In my review of the X-Pod I talked about how much I liked it, but I also mentioned how much the bag had going on and how overkill all the straps are. I got bored one day and started hacking away at the bag to try and make it into something I liked a little better.
This was a success for me, so here’s what I did.
First, my starting point:
Change the Front Straps
The front straps (which can hold bulky items or compress the front compartment) are a mess when you get the bag. They look like this:
There’s a lot going on with them. First they have a g-hook at the top that connects to the top of the bag. Then they have a standard side buckle which allows you another spot where you can detach the straps or adjust the length. And then at the bottom is a snap button that allows for another anchor point for attaching to the bottom of the bag. Luckily, they do come with two strap minders on each strap, but it’s a lot going on, and never looked clean to my eye.
So I did this:
This I was pretty quick to do, but a little destructive. I cut the buckle out and tossed out the top portion of the strap. Then, I had to cut the folded over strap so that I could weave the strap back through the g-hook on the top portion of the strap that I cut out to salvage. Thus I have a snap button at the bottom to anchor the strap, and the g-hook to adjust and detach from the top area.
This alone, is killer for me. It cleans up the look substantially and I am not sure what I lost in doing this. I still have the plenty of expansion to accommodate the front compartment fully expanded, while removing those terrible looking buckles. The setup looks nice and clean now. Much better.
Fix the Zipper Pulls
Almost all the zipper pulls on this bag came setup like this:
I actually like the pulls on these, but the zippers were prone to jingles, so I needed to change them to something which wouldn’t. I decided to weave the pull tabs differently and it worked out great:
This was a quick fix, but makes a huge difference and looks a lot cleaner. Most would assume it came like that, and then wonder why it doesn’t come like this.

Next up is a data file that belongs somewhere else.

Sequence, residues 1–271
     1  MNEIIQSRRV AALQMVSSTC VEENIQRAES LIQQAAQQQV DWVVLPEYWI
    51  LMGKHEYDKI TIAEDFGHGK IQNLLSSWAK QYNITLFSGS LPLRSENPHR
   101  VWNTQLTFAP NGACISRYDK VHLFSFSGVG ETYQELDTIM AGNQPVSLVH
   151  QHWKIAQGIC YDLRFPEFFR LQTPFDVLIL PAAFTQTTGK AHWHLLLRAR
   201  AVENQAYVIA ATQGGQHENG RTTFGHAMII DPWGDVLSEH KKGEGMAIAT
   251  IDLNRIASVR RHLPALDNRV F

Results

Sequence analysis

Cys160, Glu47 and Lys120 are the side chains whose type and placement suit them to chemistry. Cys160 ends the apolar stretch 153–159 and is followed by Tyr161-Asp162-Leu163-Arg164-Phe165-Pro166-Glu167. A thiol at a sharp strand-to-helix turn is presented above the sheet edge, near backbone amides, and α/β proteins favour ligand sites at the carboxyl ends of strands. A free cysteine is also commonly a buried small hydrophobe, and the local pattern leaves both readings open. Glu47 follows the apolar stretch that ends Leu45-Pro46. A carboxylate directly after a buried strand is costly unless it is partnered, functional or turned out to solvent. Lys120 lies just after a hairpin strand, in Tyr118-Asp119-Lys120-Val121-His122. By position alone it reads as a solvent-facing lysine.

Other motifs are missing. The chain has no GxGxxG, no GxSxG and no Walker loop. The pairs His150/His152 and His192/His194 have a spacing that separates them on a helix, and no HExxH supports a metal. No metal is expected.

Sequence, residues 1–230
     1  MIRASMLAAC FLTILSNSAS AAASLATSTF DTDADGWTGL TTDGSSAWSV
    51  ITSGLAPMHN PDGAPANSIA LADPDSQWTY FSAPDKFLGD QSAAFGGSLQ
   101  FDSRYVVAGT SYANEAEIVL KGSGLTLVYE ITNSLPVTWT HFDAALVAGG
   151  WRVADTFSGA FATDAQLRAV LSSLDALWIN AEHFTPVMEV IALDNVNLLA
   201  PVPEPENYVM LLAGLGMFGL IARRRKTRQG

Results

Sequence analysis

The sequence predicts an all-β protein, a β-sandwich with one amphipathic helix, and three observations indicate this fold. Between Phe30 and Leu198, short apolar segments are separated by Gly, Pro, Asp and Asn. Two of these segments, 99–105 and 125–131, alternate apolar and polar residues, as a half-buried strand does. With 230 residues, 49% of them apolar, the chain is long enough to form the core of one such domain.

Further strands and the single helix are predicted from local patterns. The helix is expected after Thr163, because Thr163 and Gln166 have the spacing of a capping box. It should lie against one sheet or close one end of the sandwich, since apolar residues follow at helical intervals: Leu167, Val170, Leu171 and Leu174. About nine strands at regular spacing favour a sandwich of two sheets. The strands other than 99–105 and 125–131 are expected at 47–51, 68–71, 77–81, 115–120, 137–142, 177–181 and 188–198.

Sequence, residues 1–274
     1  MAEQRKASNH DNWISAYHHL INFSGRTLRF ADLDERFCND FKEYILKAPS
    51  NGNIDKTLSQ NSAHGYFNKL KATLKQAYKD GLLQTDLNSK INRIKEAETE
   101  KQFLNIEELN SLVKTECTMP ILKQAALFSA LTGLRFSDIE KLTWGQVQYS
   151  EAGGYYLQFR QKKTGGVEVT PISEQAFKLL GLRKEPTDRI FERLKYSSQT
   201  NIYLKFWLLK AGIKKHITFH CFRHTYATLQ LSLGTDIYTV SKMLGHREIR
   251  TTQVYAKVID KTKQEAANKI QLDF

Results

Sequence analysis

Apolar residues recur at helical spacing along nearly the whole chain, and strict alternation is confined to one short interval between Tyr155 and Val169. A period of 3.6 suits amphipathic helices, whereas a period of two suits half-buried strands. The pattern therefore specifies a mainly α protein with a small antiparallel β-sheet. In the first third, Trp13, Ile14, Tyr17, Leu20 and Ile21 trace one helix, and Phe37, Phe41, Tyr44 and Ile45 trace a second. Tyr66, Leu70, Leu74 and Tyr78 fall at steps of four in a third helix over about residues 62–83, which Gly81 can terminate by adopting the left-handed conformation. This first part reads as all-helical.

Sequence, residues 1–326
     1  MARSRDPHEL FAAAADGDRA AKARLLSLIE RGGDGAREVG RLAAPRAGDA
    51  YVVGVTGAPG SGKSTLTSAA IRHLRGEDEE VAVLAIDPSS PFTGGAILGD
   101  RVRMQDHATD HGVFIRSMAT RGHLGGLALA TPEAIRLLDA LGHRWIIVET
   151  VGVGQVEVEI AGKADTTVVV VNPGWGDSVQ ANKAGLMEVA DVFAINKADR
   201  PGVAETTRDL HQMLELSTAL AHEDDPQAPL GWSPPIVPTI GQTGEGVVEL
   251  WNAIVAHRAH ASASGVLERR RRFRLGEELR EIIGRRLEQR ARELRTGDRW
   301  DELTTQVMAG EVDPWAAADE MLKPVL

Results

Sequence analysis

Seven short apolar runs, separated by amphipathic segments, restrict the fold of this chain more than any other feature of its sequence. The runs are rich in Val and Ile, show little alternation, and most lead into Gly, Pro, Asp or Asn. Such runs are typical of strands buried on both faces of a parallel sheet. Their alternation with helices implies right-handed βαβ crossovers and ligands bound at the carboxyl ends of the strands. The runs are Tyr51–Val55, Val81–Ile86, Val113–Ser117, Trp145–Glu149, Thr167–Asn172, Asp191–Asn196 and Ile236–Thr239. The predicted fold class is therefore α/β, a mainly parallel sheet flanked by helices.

Even more destructive was cutting out all the tags inside the bag. Unfortunately in doing this I cut the lining material too (which is very thin) and had to use a bit of tenacious tape to cover over. It’s not noticeable immediately, but you’ll want to take better care in doing this than I did.
Change Out Compression Buckles on the Side
These side compression buckles were the biggest annoyance on the bag for me, they looked like this:
And you couldn’t compress the bag enough with them because of how huge that buckle was. I struggled with how to tackle this, but eventually came up with the idea of using a plastic g-hook buckle for this, and ended up with this look:
That kept the functionality the same, in a much more compact package. I may swap this out with Siamese buckles in the future to further slim it down, but for now this works well enough and was an easy change out. This was destructive, in that I had to cut the buckle on the fixed side to free it, but that loop then became the loop I hook into.
The strap so far has remained more than long enough for anything I would do with it. No clue why this isn’t standard.
All of these together make the bag cleaner looking, and with less redundancy in the functionality. You can also run the bag without the front compression straps, and I am not sure you lose much in doing that, but I prefer the look with them left on and cleaned up.
Overall: big fan, which is good because it’s not easy to go back.
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